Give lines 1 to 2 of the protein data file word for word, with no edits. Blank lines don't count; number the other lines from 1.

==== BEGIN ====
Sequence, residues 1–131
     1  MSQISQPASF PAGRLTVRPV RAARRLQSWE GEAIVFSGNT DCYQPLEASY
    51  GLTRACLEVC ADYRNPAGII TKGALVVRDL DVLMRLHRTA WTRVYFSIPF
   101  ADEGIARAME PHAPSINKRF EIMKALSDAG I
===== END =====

Sequence, residues 1–131
     1  MSQISQPASF PAGRLTVRPV RAARRLQSWE GEAIVFSGNT DCYQPLEASY